Thursday, September 15, 2022

The Venerable Bede

Start typing the word "venerable" into a search engine on the Internet and one of the options offered will be "venerable Bede." He was a monk, and the author of Historia ecclesiastica gentis Anglorum ("Ecclesiastical History of the English People"). This work was considered so important that it has survived in countless copies and translations.

Bede (Beda, Bæda) was born about 672-3 o lands belonging to the monasteries of Monkwearmouth and Jarrow in Northumbria (now Wearside and Tyneside). Because the name Beda appears on a list of kings of Lindsey in Northumbria, and because of Bede's obvious connections to notable men, we think he came from a well-to-do family, possibly royal.

He was sent to the monastery at Monkwearmouth at the age of seven as a puer oblatus ("a boy oblate" or "boy dedicated to God's service"). At the time, the abbot was Benedict Biscop. Some years later he went to Jarrow, which was dedicated on 23 April 635. A plague in 686 left only two survivors at Jarrow who knew the holy services, Abbot Ceolfrith and a young boy. Bede would have been about 14 and was likely that boy.

Bede was ordained a deacon earlier than the typical age of 25, indicating exceptional ability and respect earned. He became a priest at the age of 30. In started writing about 701, with De Arte Metrica ("On Metrical Art" [meaning poetry]) and De Schematibus et Tropis ("On Figures and Tropes"). Once started, he did not stop writing, producing works and translations to explain history, the church, church services and religious trappings, the Bible, histories of saints, histories of abbots of Jarrow, and far more.

One of his works created a stir: in De Temporibus ("On the Times," meaning the ages of the world), he calculated that Christ was born 3,952 years after Creation. The generally accepted feeling was Isidore of Seville's opinion that the length of time was more than 5,000 years. Some monks complained to Bishop Wilfrid of Hexham (mentioned here). Wilfrid did not share their concern about Bede, but a monk who was present relayed the event to Bede, who wrote back explaining his calculations and asked the monk to share his thinking with Wilfrid. Regarding dates: the use of Anno Domini ("Year of the Lord") to count years since the birth of Christ was introduced by Bede. Bede also writes extensively on the controversy over the proper dating of Easter Sunday.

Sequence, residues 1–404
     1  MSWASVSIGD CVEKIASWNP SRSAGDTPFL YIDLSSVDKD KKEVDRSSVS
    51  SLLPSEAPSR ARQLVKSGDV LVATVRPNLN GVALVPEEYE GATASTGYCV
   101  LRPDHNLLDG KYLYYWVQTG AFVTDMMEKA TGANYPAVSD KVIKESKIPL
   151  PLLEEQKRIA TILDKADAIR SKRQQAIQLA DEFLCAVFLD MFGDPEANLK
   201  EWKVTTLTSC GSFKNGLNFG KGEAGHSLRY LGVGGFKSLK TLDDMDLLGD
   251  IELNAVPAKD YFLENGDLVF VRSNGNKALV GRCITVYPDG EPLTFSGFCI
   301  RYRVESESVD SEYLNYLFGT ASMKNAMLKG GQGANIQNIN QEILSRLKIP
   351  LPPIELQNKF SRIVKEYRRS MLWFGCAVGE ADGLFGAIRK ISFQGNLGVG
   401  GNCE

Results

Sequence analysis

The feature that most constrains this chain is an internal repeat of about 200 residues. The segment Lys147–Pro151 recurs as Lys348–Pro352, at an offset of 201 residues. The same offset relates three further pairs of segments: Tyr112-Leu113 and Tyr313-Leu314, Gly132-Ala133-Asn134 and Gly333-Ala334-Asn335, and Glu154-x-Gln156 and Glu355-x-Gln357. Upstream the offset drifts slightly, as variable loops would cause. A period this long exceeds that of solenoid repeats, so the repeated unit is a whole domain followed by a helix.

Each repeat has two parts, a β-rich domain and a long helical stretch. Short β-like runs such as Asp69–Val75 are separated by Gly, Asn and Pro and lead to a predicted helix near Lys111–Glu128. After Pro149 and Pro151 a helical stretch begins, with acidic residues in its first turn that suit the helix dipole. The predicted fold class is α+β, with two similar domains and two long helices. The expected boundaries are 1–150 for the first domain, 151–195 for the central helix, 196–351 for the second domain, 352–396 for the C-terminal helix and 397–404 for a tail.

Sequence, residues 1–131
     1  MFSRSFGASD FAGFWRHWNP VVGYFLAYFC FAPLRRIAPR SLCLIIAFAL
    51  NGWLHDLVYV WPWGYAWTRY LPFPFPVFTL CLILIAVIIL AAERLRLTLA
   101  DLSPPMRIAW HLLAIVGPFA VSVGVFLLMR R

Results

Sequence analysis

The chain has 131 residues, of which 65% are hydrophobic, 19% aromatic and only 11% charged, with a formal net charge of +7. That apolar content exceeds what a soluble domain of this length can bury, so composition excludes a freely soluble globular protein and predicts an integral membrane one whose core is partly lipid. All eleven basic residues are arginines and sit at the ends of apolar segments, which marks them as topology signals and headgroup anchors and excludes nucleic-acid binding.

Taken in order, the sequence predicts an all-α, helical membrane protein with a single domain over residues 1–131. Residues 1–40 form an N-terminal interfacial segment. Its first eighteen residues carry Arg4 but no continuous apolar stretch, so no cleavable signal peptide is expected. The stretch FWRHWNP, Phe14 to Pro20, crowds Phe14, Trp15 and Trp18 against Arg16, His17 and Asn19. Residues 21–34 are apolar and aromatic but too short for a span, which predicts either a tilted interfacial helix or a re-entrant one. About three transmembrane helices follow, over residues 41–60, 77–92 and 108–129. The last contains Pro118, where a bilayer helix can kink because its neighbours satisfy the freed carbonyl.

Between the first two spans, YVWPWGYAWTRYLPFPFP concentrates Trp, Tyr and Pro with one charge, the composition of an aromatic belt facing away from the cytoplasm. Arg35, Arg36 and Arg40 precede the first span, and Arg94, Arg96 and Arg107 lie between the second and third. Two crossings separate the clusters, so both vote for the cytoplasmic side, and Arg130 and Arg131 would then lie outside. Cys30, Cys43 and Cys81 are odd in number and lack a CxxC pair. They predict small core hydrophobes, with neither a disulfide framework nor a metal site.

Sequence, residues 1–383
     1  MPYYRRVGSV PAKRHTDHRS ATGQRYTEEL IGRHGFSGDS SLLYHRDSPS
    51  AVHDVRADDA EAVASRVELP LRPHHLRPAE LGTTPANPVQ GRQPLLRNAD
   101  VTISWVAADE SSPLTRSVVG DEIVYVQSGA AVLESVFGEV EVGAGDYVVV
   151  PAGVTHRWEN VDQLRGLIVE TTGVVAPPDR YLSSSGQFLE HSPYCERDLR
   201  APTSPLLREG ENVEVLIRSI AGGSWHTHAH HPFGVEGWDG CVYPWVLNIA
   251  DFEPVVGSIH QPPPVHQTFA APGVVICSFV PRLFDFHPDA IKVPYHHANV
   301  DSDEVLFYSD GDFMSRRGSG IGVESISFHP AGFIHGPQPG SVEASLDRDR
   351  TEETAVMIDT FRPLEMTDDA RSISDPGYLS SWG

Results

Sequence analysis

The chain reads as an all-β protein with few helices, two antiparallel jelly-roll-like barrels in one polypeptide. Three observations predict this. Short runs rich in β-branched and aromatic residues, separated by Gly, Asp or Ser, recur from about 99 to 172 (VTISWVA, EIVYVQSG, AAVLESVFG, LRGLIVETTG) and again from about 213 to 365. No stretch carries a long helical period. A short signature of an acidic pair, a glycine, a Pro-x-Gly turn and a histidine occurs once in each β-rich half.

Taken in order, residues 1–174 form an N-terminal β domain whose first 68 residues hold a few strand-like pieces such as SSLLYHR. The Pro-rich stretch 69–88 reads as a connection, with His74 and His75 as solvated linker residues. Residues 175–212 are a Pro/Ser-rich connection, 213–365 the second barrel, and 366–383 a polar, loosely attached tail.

We know from a letter written by a disciple of his, Cuthbert (not St. Cuthbert) that he began to feel ill, his breathing became labored, his feet began to swell. He asked for a box of his things to be brought to him, and gave away his possessions, described as "some pepper, and napkins, and some incense." He died 26 May 735, his body being found on the floor of his cell that morning.

In 1899, Pope Leo XIII named him a "Doctor of the Church," the only native Englishman to be given that title.

Although Bede's literary output and life have countless points from which I could find a link to tomorrow's blog post, I wanted to talk about the pracrive=ce of handing a seven-year-old over to be raised by strangers in a monastery. Next time.

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